1/04/2011. Contributed by Eamonn Murphy
Sunborn (The Chaos Chronicles book 4) by Jeffrey A. Carver. pub: TOR/Forge. 430 page small enlarged paperback. Price: $27.95 (US), $30.95 (CAN). ISBN: 978-0-312-86453-8.
check out websites: www.tor-forge.com and www.starrigger.net
Be warned that 'Sunborn' by Jeffrey A. Carver is the fourth volume in a series, ‘The Chaos Chronicles’ and NOT a standalone book. That said, it stands alone reasonably well and it didn't take too long to get to know the intrepid heroes.
There are five principle fleshy characters and several energy beings. The five made of mere matter are: John Bandicut, a human; Antares, a Thespi female who is John's girlfriend; Ik, a Hraachee'an; Li Jared, a Karellian and Julie, another human who has a separate adventure back on Triton, one of Neptune's moons. The first four characters, who seem to have worked together in the previous ‘Chaos Chronicles’, have their adventures in the Orion Nebula where stars are dying.
As well as the matter people, there are intelligent energy beings, not least the stars themselves which are sentient. First there is Ed. What can be seen of Ed looks like a fried egg but he is only partly in our dimension. Deep is a space-time fluctuation from another universe who entered ours when his was dying. Delilah is another space-time fluctuation from the same universe as Deep. There is some sort of quark creature called Charlene that lives inside John Bandicut's head. There are also the imperilled stars, Nick, Brightburn and Thunder who are being made to explode too early in their long lives by some very ancient evil force. I won't reveal the evil force because that would be giving away the plot. I got a bit confused with the energy beings at times, forgetting which name attached to what qualities but that may be because I'm getting old.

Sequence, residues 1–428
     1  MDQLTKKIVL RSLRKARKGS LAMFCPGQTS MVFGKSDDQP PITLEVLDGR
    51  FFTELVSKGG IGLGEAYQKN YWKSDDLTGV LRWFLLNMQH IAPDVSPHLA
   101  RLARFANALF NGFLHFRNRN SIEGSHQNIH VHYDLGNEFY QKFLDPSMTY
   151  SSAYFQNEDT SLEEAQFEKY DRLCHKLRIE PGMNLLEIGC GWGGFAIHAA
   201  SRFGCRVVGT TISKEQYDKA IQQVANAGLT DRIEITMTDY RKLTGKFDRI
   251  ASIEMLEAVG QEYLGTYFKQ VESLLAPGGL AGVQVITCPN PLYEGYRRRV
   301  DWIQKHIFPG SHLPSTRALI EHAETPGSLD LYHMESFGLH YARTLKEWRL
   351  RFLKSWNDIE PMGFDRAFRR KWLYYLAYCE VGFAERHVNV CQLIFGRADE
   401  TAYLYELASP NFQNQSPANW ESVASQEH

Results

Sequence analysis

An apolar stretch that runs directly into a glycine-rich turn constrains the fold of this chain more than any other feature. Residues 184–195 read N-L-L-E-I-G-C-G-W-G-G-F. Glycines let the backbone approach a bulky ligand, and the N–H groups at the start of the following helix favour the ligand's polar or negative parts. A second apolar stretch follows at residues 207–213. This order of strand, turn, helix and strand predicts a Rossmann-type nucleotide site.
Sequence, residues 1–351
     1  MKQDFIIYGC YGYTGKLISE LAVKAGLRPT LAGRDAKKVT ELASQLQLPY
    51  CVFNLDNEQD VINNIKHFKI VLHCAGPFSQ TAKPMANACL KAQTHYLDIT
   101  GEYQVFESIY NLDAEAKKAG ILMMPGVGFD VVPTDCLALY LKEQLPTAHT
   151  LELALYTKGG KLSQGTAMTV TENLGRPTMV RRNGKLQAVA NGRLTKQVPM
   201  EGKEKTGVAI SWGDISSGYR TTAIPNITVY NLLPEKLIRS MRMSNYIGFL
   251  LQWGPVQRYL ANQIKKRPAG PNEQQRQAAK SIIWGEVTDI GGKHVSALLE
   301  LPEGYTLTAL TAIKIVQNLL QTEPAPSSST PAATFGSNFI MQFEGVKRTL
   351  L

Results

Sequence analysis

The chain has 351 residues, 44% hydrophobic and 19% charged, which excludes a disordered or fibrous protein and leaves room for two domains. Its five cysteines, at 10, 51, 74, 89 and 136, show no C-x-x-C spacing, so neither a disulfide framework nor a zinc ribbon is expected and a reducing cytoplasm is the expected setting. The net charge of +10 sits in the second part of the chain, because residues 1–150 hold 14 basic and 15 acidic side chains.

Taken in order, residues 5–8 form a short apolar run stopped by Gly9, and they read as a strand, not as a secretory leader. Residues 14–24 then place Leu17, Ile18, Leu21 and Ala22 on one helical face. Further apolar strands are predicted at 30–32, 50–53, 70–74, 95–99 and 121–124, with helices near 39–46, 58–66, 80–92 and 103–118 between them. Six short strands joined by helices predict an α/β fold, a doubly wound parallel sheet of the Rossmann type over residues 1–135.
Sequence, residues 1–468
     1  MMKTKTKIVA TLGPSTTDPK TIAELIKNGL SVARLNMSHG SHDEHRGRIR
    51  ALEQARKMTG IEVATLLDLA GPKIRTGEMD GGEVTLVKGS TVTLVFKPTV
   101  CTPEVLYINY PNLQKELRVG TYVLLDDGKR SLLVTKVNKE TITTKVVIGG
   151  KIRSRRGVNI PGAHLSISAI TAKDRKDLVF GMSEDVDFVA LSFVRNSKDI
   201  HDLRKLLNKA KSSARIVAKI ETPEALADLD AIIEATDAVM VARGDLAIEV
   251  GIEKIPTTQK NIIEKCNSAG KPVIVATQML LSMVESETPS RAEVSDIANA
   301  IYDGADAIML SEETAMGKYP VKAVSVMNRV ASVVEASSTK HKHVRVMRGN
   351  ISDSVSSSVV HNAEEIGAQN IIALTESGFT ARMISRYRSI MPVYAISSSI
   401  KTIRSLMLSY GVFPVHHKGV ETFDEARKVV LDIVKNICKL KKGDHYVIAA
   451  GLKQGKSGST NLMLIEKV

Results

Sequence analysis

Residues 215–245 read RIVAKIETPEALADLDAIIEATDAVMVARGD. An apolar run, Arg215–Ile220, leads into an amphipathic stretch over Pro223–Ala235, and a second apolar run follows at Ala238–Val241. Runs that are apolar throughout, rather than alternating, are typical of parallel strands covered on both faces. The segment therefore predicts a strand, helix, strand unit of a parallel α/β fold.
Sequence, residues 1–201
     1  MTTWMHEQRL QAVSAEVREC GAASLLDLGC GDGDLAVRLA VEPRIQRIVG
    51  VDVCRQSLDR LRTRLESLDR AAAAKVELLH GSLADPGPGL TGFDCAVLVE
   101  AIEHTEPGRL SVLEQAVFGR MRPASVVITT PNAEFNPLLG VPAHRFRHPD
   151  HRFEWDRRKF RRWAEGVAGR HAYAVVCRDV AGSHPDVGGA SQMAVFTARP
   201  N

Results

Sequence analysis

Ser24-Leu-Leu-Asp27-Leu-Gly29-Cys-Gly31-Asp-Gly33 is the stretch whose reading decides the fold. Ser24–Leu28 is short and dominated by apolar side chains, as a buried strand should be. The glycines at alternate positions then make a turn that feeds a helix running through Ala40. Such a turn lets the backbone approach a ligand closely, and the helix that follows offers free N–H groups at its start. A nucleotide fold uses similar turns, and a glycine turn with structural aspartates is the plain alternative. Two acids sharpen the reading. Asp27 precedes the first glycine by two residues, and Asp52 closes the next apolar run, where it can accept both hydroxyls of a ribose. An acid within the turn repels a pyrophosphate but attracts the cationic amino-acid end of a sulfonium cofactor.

The four heroes can communicate despite being from different worlds because they each have translator stones buried in their flesh somewhere, which they picked up in earlier adventures. The translator stones are sentient and are hinted to be ancient, like the bad guys. There is a big Translator creature on Triton which talks to Julie, a friend of John Bandicut, and leads her on another daring mission as part of a connected sub-plot. As a matter of fact, I found Julie's story the most enjoyable part of the book.
There are loveable robots called Napoleon and Copernicus, cutely shortened to Nappy and Coppy, who call John Bandicut 'Cap'n'. The matter aliens behave exactly the same as humans except that Ik says 'Hrrrm' when he is thinking and 'Hraah' when he is alarmed. Presumably this is because he is a Hraachee'an. Li-Jared bongs when dismayed and flicks his fingers when agitated. Antares says 'Uhhll' a lot, even though she is a Thespi not an Uhhllian. She also has four breasts which are mentioned in tandem with John Bandicut's male organs to make this an adult book.
Which is a shame because it is not. The cute robots, the little mannerisms to differentiate characters, the whole style of the thing makes it suitable for young adults or smart juveniles. Notwithstanding the cosmic plot, there isn't enough depth for an adult SF novel and the cute stuff is mildly irritating to a grown-up or at least, to this grown-up. The bit of sex thrown in adds very little to the story except to show us that John Bandicut and Antares are in love. I say a bit because it’s probably about a hundred words in the whole book but it takes the novel into adult territory as far as marketing goes.
As a juvenile space opera, 'Sunborn' would be great, if a little slow to get started. As an adult novel, it's okay but the cuteness is annoying. Even so, just as excellent children's books can be enjoyed by adults so, too, can this. However, for both younger and older readers I would suggest reading the first three in the series first. Possibly this might reveal hidden depths to the characters that I have not spotted here.
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